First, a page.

Successful implementation of the electronic health records systems in hospitals have significant effects on the operation of the facility, the performance of the nurses and the safety of the patients (Berg, 2001). There is need to examine the specific benefits of the EHR systems to the different parts of the organization such as the nurses and to the patient regarding their safety.
a. Effect of implement of EHR on professional nursing
The successful implementation of EHR systems in an organization has a significantly positive impact on the professional nursing practice (Jones, and Adams, 2010). Firstly, EHR reduces the number of medication administration and nursing errors. Before the introduction of EHR, nurses were bound to make some errors in the administration of medication to patients due to poor records of the patient conditions or the medications to be given to each patient. The nurses would, therefore, offer wrong medications to the patients as they lacked back up for the prescribed medications. Further, there could be errors of omission and commission in the written sources which could lead nurses to administer the wrong drugs to the wrong patients.
It also reduces the time of documentation (Carter, and American College of Physicians, 2008). While nurses need to keep records each time, the analog styles of making records took a lot of time as it involved preparation of long and cumbersome documents for recording. EHR makes this process simple as the records can easily be prepared using a computer.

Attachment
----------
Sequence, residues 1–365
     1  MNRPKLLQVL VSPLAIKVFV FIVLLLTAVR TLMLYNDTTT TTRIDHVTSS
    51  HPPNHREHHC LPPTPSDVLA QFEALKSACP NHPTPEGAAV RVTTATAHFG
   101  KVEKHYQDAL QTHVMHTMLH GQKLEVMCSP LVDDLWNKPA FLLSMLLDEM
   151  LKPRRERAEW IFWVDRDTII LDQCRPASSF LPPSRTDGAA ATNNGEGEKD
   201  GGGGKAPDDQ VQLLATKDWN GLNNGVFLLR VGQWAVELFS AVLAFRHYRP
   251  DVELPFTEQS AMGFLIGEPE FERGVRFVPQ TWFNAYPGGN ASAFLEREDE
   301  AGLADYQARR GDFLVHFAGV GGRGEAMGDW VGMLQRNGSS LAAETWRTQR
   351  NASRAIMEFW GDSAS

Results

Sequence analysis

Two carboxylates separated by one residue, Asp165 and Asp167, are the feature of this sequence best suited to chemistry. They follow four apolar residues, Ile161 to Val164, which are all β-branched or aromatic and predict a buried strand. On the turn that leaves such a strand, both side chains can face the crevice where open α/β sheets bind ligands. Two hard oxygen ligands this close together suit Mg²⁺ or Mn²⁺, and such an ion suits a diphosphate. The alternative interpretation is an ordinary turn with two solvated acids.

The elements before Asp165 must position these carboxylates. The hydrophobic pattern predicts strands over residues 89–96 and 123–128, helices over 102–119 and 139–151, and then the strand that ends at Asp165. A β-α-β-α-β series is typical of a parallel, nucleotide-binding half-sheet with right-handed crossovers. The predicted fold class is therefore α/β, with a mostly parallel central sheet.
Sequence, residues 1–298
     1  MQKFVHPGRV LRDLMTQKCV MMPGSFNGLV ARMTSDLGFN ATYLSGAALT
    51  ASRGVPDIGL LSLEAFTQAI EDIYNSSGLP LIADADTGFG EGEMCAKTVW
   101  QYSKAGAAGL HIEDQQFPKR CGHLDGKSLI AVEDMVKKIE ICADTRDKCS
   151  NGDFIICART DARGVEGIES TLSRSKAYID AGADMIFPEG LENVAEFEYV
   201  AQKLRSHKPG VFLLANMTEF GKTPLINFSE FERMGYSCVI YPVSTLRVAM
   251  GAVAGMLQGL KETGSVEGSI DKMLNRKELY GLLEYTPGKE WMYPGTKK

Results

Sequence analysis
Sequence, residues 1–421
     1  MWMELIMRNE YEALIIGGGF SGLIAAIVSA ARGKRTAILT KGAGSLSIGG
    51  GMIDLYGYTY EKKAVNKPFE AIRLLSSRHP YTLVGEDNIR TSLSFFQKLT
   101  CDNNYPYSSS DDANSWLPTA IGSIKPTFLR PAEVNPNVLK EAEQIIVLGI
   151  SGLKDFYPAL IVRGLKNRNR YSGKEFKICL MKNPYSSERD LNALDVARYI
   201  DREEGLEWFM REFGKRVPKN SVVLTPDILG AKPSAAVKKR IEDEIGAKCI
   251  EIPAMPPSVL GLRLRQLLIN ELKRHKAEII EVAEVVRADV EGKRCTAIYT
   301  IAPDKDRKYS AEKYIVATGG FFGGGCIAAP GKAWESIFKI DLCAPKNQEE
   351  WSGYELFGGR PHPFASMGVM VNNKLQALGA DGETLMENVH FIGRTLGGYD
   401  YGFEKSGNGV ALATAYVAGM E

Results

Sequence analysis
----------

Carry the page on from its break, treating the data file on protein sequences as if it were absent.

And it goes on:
Apart from reducing the documentation time, EHR improves the quality of the records kept in the hospital. The documents are uniform and neat making them presentable, unlike the paperwork that could be shoddy and worn out with time (Berg, 2001). The electronic records can also be reproduced with ease by simply printing. The documents are also safer as different copies of the same document can be saved in the electronic version.
EHR also enhances communication among the nurses making the process simple. In the traditional recording system, it was difficult for nurses to communicate and even assist each other in administering the medication to the patients (Jones, and Adams, 2010). EHR makes communication among the nurses simple by use of the technology system. Further, nurses can easily assist each other in offering medication to patients.
b. Implications of EHR for vulnerable populations
The vulnerable populations in the nursing practice will benefit more from the EHR system since the hospital needs to keep their data regularly (Berg, 2001). It will, therefore, be easy to make the records and amend them regularly if their conditions change. It will also be easy and fast for the nurses to analyze the medical progress of the patients under this category.
Vulnerable groups need regular attention and monitoring, the application of the EHR systems would thus make it easy to evaluate and note any changes in their medical conditions and thus change or regulate their drug use easily (Carter, and American College of Physicians, 2008). The hospital will also make it easy for other vulnerable groups by recording their data accurately such that in their next visit they would not need to carry along their records but the medical practitioners can check their medical history in the computer.
c. Implications of practicing nursing in hospitals with EHR